Month: February 2021

A Look Ahead at Elections in Latin America

After watching the recent democratic turmoil in the United States with a mix of alarm and familiarity, neighbors in Latin America will soon begin their own busy season of elections. 2020 saw major electoral upheavals across the region, bringing about a return to democracy in some countries, while political disenfranchisement increased in others. As voters bring in new governments and make their opinions known about first-term administrations, divulging indicators about the future of the region may solidify into observable trends. In a region ravaged by COVID-19, elections present opportunities for citizens to influence the response to a pandemic that...

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Same Day Voter Registration Could Increase Texas Voter Turnout

Texas could become the latest state to enact same day voter registration. A bill filed by state Rep. Ron Reynolds, D-[District], would require two voter registrars to be present at each polling place on Election Day. The registrars would be able to register new voters, allowing them to cast a provisional ballot that day. In the next ten days, provisional votes would be verified and counted.  The current voter registration process in Texas requires an eligible voter to submit their voter registration application at least 30 days in advance of election day. In 2020, Oct. 5 was the registration...

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Prasad: New Opportunities to Address Health Disparities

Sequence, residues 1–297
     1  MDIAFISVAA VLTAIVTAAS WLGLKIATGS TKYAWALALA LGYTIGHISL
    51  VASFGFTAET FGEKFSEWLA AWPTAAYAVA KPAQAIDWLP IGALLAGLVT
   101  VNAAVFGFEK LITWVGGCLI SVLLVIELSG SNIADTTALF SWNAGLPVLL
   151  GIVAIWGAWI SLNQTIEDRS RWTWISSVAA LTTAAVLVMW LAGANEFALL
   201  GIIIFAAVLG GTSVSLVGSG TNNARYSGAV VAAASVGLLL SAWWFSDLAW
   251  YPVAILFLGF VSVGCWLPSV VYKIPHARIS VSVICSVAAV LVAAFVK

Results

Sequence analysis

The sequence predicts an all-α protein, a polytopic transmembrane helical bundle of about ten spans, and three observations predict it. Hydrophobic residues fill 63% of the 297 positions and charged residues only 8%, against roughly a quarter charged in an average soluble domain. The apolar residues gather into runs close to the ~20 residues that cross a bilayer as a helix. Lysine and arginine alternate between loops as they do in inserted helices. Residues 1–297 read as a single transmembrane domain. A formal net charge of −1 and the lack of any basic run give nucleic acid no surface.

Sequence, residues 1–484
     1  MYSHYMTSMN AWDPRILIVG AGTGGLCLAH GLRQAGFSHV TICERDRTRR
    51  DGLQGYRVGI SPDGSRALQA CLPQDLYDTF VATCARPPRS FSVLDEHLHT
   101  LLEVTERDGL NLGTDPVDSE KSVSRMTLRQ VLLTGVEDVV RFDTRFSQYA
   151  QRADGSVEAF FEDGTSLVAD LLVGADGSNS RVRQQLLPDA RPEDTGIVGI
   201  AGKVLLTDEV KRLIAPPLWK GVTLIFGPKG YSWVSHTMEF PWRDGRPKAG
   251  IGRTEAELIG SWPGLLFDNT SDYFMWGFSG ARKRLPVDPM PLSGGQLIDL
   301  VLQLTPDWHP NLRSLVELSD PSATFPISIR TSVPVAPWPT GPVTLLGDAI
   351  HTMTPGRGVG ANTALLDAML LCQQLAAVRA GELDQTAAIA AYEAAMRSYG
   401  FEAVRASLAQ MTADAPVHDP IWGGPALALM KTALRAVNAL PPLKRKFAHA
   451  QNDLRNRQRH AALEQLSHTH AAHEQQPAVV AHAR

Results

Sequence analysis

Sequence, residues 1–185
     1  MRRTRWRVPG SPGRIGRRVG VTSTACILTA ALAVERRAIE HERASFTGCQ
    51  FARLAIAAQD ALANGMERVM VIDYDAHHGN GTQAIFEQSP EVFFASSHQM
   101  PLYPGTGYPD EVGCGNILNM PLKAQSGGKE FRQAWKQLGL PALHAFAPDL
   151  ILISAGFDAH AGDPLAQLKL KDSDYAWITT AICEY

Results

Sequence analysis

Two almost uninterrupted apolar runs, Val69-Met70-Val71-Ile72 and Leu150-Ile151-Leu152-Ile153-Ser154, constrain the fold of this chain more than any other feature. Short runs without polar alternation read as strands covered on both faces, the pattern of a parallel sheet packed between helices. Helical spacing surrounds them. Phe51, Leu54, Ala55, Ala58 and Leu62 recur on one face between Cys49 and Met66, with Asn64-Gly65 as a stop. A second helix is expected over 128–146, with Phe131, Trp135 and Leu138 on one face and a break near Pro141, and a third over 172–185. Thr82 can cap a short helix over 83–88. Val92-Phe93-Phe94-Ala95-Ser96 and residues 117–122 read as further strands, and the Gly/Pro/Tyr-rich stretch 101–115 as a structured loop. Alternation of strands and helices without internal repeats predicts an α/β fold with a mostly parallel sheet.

Up to 80 percent of an individual’s health is determined by social factors. Black and Latinx individuals are up to six times more likely to die of COVID-19 and are up to seven percent more likely to suffer from chronic conditions such as obesity and diabetes than their white counterparts.  The key strategy to alleviating these disparities is addressing the social needs that create them, such as food insecurity, homelessness, and lack of access to healthcare. One of the biggest barriers to this approach is the standardization and sharing of social needs data between healthcare providers and community organizations....

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Campbell: Reform Policies Do Not Make Police Less Violent

This summer the Austin City Council voted to implement police reforms and reduce the Austin Police Department’s budget by $150 million. On its face, these passages appear to address the demands of this summer’s social movements. The city council voted to restrict the use of force and approved bans on certain forms of lethal munitions. Although the reported budget cut is $150 million, only $20 million has actually been cut from the department’s budget according to the city’s most recent adopted budget. Yet, the passage of police reforms in Austin and nationally is a façade–an empty gesture.  Passing reforms...

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